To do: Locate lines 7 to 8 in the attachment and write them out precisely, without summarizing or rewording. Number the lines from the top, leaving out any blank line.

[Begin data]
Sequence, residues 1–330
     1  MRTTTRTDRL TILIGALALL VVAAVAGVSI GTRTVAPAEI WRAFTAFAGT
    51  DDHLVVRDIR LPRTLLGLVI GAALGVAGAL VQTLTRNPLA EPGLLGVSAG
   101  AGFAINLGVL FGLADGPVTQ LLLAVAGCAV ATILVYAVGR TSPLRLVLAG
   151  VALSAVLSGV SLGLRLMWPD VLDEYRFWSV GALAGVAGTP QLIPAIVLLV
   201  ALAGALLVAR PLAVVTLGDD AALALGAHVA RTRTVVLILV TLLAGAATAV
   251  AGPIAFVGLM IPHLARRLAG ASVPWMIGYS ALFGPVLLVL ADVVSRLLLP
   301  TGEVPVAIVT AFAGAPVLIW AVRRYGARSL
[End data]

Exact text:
   251  AGPIAFVGLM IPHLARRLAG ASVPWMIGYS ALFGPVLLVL ADVVSRLLLP
   301  TGEVPVAIVT AFAGAPVLIW AVRRYGARSL